Liked by 3 people

  3. Hi Rebecca, thank you so much for sharing a reading of this poem. It was such a wonderful surprise to discover that this particular poem had touched you. I have always been very close to my dad and I spoke about him during my wedding speech. I said he was our number one guy and all us girls cried. Such a beautiful memory.

    Liked by 4 people

    1. “Behind Closed Doors” is an extraordinary comment on living through a global pandemic, Robbie. Your tanka poem that follows embodies these months of social distancing:

      No Contact (tanka poem) by Robbie Cheadle

      My life feels ghostlike
      Insubstantial and unreal
      No human contact
      No office; only on-line
      Nothing left to keep me here

      Thank you again for giving me your permission to recite “We Love You Daddy”.

      Liked by 2 people

      1. Hi Rebecca, Michael listened to your rendition of this poem and he loved it too. That tanka you have quoted is exactly how I felt. It was as if no-one else existed and I spent my life engaging with my computer and invisible people on Teams. I really found it very surreal and unsatisfying.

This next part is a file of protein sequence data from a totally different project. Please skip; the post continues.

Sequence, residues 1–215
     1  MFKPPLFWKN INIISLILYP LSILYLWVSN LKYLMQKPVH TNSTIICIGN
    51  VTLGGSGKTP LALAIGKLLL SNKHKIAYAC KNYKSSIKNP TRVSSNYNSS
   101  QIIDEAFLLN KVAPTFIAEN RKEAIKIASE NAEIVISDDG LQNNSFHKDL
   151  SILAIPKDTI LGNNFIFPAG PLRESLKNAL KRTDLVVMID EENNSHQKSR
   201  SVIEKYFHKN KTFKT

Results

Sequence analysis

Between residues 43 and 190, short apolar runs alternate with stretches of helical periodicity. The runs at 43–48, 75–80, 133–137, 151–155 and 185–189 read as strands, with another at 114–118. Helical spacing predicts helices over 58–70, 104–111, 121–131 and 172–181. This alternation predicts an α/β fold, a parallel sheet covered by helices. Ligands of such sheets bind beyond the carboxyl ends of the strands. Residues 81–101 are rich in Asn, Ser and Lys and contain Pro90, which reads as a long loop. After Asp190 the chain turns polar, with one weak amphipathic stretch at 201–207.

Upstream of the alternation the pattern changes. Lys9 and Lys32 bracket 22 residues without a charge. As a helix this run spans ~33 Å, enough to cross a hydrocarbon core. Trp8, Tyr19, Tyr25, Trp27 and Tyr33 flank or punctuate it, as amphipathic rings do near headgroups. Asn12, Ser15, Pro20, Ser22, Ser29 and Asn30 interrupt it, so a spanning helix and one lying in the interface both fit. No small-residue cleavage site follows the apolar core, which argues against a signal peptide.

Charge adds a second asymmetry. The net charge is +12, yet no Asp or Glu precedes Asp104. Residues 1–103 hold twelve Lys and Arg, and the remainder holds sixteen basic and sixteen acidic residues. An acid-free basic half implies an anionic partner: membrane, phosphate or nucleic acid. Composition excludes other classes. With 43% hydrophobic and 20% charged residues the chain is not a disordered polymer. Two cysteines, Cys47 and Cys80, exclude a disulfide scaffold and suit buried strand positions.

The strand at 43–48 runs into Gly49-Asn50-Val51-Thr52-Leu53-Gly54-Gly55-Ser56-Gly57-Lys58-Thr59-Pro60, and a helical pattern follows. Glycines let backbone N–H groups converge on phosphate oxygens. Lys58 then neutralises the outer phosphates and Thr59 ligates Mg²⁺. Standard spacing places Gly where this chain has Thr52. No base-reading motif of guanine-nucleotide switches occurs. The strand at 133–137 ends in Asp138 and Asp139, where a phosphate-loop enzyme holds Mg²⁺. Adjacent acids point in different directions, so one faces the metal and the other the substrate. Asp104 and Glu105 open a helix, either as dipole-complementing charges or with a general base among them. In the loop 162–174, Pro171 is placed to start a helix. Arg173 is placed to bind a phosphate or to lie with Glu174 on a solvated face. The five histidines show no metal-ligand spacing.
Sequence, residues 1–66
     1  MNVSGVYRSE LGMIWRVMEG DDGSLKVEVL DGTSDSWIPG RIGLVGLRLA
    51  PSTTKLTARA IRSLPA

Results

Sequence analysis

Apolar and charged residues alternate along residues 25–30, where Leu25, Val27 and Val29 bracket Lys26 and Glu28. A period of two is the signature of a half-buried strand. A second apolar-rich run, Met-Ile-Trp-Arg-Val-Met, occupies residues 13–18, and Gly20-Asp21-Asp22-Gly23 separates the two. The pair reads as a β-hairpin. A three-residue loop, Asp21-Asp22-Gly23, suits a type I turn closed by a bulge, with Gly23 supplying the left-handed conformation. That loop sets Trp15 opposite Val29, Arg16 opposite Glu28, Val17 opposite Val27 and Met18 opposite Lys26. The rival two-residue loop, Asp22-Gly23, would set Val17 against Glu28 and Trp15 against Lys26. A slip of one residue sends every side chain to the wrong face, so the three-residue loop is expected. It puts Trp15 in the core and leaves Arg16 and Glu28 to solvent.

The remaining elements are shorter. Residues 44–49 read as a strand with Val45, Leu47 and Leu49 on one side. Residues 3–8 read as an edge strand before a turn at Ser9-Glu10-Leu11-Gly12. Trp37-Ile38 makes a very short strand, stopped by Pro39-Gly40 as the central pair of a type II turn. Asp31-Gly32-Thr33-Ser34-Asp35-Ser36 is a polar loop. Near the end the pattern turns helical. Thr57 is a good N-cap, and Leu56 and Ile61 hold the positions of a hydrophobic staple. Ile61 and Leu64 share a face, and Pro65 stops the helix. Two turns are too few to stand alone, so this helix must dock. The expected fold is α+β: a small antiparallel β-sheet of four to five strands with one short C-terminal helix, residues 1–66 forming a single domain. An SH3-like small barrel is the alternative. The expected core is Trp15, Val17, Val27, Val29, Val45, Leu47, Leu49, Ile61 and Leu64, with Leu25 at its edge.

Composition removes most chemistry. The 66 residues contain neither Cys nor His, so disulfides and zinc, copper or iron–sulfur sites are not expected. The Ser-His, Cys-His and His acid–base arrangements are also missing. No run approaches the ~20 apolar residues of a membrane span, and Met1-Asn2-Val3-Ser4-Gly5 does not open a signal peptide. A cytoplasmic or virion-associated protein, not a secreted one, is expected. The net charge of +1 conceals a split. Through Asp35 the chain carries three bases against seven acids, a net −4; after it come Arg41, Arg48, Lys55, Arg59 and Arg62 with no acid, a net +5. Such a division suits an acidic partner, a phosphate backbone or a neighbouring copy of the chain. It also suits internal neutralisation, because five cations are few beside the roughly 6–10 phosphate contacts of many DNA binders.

Liked by 2 people

  4. Thank you, Robbie & Rebecca for this lovely, personal poem. Just so wonderful. I didn’t have a father in my life, but that doesn’t stop me from rejoicing in YOUR blessings of having wonderful dads! It did affect me, but I’ve been blessed in so many other ways. 🙂 Sweet, sweet poem.

    Liked by 3 people

    1. I am delighted that you enjoyed this recitation, Mary Jo. I agree, Robbie’s poem brings out profound thoughts on how important fathers are in the lives of their children. Don’s father was absent for most of his life. Don agrees and identifies with your thought that he has been blessed in so many other ways.

      Liked by 3 people

      1. Very sorry, Mary Jo, about not having a father in your life. Same to Don, Rebecca. It’s true that many other positive things in life can help make up for that.

        I had an exceptionally negative father for part of my childhood, and then no father after he left. That and having a problematic mother made for some challenging years. But ultimately they were two “role models” because they sort of “taught” me to do the opposite of what they did when I became a parent. 🙂 Served me well. 🙂

        Liked by 3 people

      2. Dave – those are Don’s exact words – “served me well.” Role models come in all sizes and shapes!!! Experience is a difficult teacher, but the lessons learned open us up to empathy, kindness, and the determination to do better, to be better. Many thanks for adding insight to this conversation.

        Liked by 4 people